Long before humans could light a fire, let alone a light-bulb, nature was already prepared to illuminate the dark! Māori call them titiwai, which refers to the beautiful glim reflected in water. The scientific name, Arachnocampa luminosa, means ” glowing spider-worm,” for the way they hang sticky silk threads to catch small invertebrates that are lured by their mesmerizing glow. They can resemble a night sky full of stars if there are just enough of them – in the bush, along a stream, or even better, in a cave!
Glowworms are carnivorous larvae of fungus gnats. The adults are no bigger than mosquitoes and quite difficult to spot. A hungry larva glows brighter than one which has just eaten. The glow is the result of a chemical reaction that involves luciferin (the substrate), luciferase (the enzyme that acts upon luciferin), adenosine triphosphate (the energy molecule), and oxygen. The reaction occurs in modified excretory organs known as Malpighian tubules in the abdomen.
The larvae hang down as many as 70 threads of silk (called snares) from around the nest, each up to 30 or 40 cm long and holding droplets of mucus (snares built by forest-living specimens are much shorter, reaching a maximum length of 5 cm due to wind entangling longer snares). The larvae are sensitive to light and will retreat into their nests and stop glowing if they or their snares are touched, but they will happily shine even brighter when they sense noise or vibrations. When prey (usually mayfly, stonefly, caddisfly, crane fly or small moth) is entangled in a snare, the larva pulls it up and devours the snare and prey together.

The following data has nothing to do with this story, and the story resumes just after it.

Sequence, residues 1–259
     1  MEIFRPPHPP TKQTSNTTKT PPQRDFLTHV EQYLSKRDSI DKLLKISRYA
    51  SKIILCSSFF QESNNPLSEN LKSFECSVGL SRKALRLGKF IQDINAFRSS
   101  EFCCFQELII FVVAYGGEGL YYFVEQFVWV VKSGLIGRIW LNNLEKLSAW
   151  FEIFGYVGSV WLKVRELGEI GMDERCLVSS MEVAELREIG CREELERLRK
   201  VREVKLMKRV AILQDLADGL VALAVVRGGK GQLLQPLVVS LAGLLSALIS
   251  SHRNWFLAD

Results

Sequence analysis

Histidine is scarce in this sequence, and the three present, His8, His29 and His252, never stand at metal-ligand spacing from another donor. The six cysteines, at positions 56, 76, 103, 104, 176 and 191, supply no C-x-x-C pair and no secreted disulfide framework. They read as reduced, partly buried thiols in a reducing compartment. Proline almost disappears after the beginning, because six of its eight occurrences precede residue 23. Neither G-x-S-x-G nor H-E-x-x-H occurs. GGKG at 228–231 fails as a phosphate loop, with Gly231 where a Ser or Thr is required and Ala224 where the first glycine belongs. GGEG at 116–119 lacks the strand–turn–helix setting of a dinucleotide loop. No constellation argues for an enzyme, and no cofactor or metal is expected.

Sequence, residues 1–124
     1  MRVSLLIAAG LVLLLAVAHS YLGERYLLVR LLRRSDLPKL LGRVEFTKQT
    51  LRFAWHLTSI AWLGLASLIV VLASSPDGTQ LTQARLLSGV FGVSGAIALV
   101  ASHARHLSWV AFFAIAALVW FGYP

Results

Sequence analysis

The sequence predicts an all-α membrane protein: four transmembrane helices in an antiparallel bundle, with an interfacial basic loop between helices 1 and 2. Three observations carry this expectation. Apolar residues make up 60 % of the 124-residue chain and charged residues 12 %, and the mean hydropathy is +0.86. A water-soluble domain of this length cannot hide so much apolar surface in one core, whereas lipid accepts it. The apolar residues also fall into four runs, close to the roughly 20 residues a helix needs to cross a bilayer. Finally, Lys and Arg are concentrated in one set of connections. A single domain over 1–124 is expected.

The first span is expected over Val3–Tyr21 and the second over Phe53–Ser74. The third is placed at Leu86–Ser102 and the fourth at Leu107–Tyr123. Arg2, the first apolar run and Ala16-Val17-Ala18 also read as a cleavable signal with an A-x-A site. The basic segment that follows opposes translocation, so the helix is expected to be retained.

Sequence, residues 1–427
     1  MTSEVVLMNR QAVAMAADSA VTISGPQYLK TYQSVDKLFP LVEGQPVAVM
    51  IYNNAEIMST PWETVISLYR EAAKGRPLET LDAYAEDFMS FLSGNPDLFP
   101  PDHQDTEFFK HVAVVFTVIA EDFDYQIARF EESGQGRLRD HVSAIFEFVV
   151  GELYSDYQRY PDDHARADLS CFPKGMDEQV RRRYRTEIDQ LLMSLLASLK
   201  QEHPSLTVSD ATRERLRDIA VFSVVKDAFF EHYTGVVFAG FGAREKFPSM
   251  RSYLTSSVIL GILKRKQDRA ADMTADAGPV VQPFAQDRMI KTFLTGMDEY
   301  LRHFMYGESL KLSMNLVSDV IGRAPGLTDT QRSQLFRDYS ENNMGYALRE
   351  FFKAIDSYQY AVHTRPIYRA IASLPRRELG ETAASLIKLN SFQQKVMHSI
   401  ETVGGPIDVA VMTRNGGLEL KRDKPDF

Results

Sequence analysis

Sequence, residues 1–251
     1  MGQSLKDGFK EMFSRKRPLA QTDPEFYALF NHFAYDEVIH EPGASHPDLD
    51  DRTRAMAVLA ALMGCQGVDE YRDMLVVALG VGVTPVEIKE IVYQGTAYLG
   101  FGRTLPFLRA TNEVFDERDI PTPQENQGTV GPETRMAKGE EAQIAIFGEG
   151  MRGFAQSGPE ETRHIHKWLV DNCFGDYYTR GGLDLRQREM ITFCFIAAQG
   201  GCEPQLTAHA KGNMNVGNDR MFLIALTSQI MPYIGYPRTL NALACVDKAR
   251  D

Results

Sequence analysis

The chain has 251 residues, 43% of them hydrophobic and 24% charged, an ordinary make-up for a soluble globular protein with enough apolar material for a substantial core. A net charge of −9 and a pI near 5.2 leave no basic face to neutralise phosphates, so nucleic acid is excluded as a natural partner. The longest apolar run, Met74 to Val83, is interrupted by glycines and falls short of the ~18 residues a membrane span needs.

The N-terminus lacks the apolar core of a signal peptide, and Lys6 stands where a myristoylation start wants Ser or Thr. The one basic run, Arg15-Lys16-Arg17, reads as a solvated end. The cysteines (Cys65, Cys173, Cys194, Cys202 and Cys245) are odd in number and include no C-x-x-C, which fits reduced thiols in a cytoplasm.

Generally, titiwai have few predators. A species of harvestmen is known to predate upon the New Zealand glowworm. On a rare occasion, you can witness the revenge, when a clumsy harvestmen got tangled in the snares. Glowworms also fall prey to a parasitic fungi. However, the greatest danger to glowworms is from human interference through habitat destruction.
Glowworm cave tours are a largely popular tourist destination in New Zealand (in 2017, at least 500,000 visitors toured Waitomo caves alone). This species is usually found in places of high humidity and where prey populations, such as midges, are also found. Because glowworms are typically found within cave systems, this opens the question of how current and future changes in climatic variability may impact populations.
Check these links for more info on the New Zealand Glowworm in NZ
Wikipedia: Information on the NZ Glowworms
Te Papa Blog: Glowworms
NZ Herald: Tourism
Click on the image to visit the official iNaturalist.nz observation.